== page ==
Artificial Sight

Matt Jones jonesmat at
Mon Aug 6 12:47:55 EST 2001

In article <R8Sa7.5507$xj.819641 at> Glen M.
Sizemore, gmsizemore at writes:
>Subject: Re: Artificial Sight
>From: Glen M. Sizemore, gmsizemore at
>Date: Sat, 04 Aug 2001 12:46:41 GMT
>>MJ: Hi Glen,
>GS: The phrase "semantic
>argument" is usually preceded by "merely a..."
>Obviously, I disagree with this view. And I'm
>not sure that it doesn't characterize your
>position, despite what you have written


"merely a semantic argument" is what people say when they really mean:
"It doesn't matter how you define the terms, it all means the same
thing anyway". This is explicitly -not- my position. My position is
that it matters a great deal how you define the terms, because that
affects what you are able to do with the concepts to which they refer.
A good definition allows you to make progress. A loose or ambiguous
definition impedes progress.

Shannon used colloquial meaning to guide his choice of definitions. He
uses logarithms and entropies because using them satisfies the
colloquial intuition that information should be additive, etc. That
is, two books ought to convey about twice the information as one book,
etc. He also attempted to quantify the entropy of English, and a bunch
of other stuff that we would probably associate with trying to get at
the colloquial meaning. Nonetheless, I'd say that his final product
far surpasses the colloquial meaning of information as far as being
able to do anything useful is concerned. Maybe another way to think of
it is that his final theory -crystalizes- the central aspects of the
colloquial meaning, and jettisons all the nonessentials.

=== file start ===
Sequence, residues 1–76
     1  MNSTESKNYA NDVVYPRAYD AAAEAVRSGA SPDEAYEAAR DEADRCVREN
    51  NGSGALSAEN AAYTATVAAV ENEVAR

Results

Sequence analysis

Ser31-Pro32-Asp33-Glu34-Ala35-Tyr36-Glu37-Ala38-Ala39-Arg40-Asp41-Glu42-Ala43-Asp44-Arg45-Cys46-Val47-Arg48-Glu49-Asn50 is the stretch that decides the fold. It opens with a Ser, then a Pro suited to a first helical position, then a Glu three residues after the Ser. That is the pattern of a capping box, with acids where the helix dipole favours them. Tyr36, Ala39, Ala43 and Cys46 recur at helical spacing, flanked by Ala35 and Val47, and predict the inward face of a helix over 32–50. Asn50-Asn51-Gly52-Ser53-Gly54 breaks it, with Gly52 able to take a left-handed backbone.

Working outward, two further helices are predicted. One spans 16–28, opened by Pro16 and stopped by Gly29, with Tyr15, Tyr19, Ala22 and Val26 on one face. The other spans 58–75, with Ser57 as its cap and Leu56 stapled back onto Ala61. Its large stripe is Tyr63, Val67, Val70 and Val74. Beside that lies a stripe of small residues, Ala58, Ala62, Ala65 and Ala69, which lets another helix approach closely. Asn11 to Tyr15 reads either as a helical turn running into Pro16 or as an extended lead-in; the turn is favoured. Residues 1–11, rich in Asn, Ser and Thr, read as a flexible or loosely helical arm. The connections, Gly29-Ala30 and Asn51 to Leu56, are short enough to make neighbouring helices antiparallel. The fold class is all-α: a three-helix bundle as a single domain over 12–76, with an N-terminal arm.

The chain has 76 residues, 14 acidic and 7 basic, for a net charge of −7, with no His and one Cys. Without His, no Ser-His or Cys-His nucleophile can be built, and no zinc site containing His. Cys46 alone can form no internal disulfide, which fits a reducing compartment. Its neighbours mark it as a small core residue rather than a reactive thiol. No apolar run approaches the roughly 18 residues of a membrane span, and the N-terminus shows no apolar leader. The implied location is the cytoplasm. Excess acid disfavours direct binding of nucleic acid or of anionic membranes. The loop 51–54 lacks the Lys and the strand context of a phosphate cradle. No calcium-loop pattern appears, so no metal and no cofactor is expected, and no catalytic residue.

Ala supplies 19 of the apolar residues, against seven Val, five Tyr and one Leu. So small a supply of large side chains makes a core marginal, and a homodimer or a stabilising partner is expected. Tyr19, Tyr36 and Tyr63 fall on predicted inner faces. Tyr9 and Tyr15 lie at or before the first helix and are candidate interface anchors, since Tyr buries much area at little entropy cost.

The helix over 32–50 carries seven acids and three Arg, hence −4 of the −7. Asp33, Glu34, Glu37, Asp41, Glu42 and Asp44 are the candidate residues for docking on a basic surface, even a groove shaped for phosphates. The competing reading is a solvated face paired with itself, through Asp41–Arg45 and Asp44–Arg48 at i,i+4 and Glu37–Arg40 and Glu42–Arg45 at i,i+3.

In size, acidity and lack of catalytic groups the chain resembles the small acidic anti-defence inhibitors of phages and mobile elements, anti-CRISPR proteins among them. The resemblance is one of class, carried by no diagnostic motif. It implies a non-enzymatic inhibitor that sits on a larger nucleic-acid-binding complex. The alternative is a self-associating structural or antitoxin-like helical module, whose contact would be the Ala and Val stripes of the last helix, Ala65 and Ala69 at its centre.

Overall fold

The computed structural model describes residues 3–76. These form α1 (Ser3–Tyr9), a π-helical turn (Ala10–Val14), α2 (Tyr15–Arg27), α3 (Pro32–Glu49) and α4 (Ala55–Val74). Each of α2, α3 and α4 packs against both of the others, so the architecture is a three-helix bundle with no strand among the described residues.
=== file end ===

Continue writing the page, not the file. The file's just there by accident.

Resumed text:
>GS: Again, this is metaphor. The news server
>doesn't do anything like what a person does when
>he or she is said to interpret. Now, mind you (and
>this is extremely important), I am not offering
>"interpret" as a useful scientific term (I hold that it is

You say that the newsserver doesn't act like a person when he or she
is said to interpret. I say that depends very much on context. A
newsserver isn't very much like a person interpreting a lecture, or
reading a novel. But it's an awful lot like a mailman delivering
letters, or a switchboard operator routing phone calls. The fact that
switchboard operators have been almost universally replaced by telco
switching circuits illustrates the -fact- that these circuits are at
least as good at performing the kind of interpretation that is
necessary for that task as a person is.

What's so special about people anyway? It seems that no analogy or
metaphor would satisfy you unless it includes an actual Homo sapiens.
What's the point of that? Do you think there is nothing to be learned
at all by studying non-human subjects. Is there something magical
about human beings that allows them to "interpret", whereas chimps,
rats, snails, bacteria and electrical circuitry lack this special
quality? What exactly is this quality anyway?

Or is it that it's only -organisms- that have this special quality?